International Options: Foreign free agents

Could pitching help for the Mariners be on the horizon from the land of the rising sun? Can the Mariners fill their most pressing offensive need by casting their eyes toward a small, communist island nation in the Caribbean? Well… maybe. If you think signing Adrian Beltre or Richie Sexson carries some risk, let me introduce you to Daisuke Matsuzaka, a 23-year-old right handed pitcher from Japan, and Kendry Morales, a 21-year-old slugger from Cuba.

These two players come with potentially high price-tags and rate very high on the risk/reward scale.

Daisuke Matsuzaka

With the signings of Ichiro Suzuki and Kazuhiro Sasaki, the Mariner fans are somewhat familiar with the process of getting Japanese players to the United States. In short, a player has to either have nine years of service time in Japan to become a free agent or must be posted by their current team. Once posted, each MLB team has an opportunity to submit a sealed bid, with the highest bidder winning the right to negotiate with the posted player.

There have been some rumors that Matsuzaka wants to be posted by his team, the Seibu Lions. Since he has less than the required nine years of service time, the only way he can come to the states is through the posting system. In 2004, Matsuzaka went 10-6 while leading the Pacific League in ERA at 2.90, helping Seibu to the Japan Series title. In addition, he struck out 127 batters and allowed only 127 hits in 146 innings. Matsuzaka also led the Pacific League in complete games (10) and shutouts (5).

When asked in an article in the Japan Times earlier this year about the next Japanese star to come to the United States, former major-leaguer Karl "Tuffy" Rhodes had this to say, "(Daisuke) Matsuzak. He is the toughest pitcher I have played against in Japan. He throws 96 miles per hour (154 kph). He has a good fastball, slider, curveball and changeup."

Matsuzaka comes with risks, though. Rumors are that he was allowed to wrack up huge pitch counts with Seibu, and did the same back in his high school days. Just how much left in his right arm is the question. But assuming his arm checks out okay and he is indeed posted by Seibu, Matsuzaka could be a risk worth taking.

Kendry Morales

The 21-year old Morales, who defected from Cuba earlier this year via boat to Miami, comes with the reputation of being one of the best position players to come to the U.S. from Cuba. A switch-hitter with tremendous power, Morales can play one of the corner infield or outfield positions, but along with his power reputation comes a reputation of having a lead-glove, perhaps making him more suited to be a designated hitter.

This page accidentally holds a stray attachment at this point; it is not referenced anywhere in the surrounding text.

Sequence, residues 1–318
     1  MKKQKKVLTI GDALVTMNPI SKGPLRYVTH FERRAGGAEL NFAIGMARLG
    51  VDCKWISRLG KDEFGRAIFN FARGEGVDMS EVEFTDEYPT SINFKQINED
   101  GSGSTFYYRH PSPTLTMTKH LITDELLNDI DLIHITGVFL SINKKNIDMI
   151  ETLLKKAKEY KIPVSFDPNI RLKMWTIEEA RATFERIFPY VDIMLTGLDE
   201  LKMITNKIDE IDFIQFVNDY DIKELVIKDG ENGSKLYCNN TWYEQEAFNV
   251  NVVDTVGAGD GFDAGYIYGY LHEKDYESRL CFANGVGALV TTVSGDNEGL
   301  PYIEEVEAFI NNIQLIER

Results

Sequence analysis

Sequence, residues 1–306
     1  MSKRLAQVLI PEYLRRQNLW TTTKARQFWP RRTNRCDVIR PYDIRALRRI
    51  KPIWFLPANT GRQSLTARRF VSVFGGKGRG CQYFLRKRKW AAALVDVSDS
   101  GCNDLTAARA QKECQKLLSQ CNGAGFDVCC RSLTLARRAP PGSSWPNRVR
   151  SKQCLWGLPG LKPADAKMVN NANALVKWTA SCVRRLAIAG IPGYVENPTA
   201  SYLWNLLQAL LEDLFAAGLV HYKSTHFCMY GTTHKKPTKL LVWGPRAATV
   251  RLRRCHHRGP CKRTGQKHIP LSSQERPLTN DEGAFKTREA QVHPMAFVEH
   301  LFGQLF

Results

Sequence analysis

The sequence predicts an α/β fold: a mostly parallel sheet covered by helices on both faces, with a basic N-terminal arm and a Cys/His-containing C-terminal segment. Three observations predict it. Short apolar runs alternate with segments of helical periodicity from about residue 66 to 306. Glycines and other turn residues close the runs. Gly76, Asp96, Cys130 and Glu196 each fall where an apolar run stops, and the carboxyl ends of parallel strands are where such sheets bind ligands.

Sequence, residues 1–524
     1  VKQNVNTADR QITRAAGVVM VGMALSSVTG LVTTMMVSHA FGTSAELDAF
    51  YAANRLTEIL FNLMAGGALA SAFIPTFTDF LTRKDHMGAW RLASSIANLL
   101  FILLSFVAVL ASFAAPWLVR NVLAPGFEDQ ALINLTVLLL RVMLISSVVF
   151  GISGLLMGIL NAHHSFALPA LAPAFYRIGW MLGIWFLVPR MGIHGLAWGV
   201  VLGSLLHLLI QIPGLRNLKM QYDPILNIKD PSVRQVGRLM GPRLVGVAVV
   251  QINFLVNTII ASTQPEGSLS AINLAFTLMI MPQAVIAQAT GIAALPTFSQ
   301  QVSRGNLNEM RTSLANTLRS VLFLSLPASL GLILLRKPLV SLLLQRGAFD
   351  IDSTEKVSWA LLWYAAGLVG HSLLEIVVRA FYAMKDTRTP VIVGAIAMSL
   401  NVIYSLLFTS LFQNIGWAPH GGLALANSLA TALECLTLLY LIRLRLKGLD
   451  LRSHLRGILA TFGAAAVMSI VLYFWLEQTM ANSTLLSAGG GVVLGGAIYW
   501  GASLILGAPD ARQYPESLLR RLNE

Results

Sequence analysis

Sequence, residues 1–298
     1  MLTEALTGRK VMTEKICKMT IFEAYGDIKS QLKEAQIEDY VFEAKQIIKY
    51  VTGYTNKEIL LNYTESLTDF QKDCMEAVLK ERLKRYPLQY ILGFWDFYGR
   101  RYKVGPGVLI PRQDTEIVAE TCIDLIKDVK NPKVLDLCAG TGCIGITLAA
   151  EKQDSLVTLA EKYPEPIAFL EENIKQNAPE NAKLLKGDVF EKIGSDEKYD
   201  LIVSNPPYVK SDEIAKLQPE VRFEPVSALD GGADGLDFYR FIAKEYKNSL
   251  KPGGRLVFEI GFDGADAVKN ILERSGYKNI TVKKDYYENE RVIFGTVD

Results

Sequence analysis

Morales being interviewed (Photo: Granma Internacional)

Morales has reportedly been working out for major league teams in his adopted homeland of the Dominican Republic, where he now has citizenship.

Two years ago in the Cuban League, his last full season, Morales hit for a .324 average and set rookie records with 114 hits, 21 home runs and 82 RBI.

The downside for the 2005 Mariners is that Morales may not quite be major-league ready. His young age, combined with the fact that he has played little over the past two years, may mean he needs some time in the minor leagues.

The Mariners in the past have indicated that acquiring international players are accounted for differently in their finances than normal player acquisition costs. If that is indeed the case, and the signing of Matsuzaka and/or Morales wouldn't impact the M's ability to add proven major league talent to the 2005 roster, each of these players should be strongly considered.

Morales would fill a big gap in the Mariners system as a young, power-hitting corner infielder/outfielder that they have failed to develop internally in recent years. And although Matsuzaka adds to the reputed strength of the organization, pitching, you can never have enough golden arms on the mound.

If the Mariners are serious about building a team for 2005 and beyond, they should consider making a play for Matsuzaka and Morales and hope it doesn't get lost in translation.

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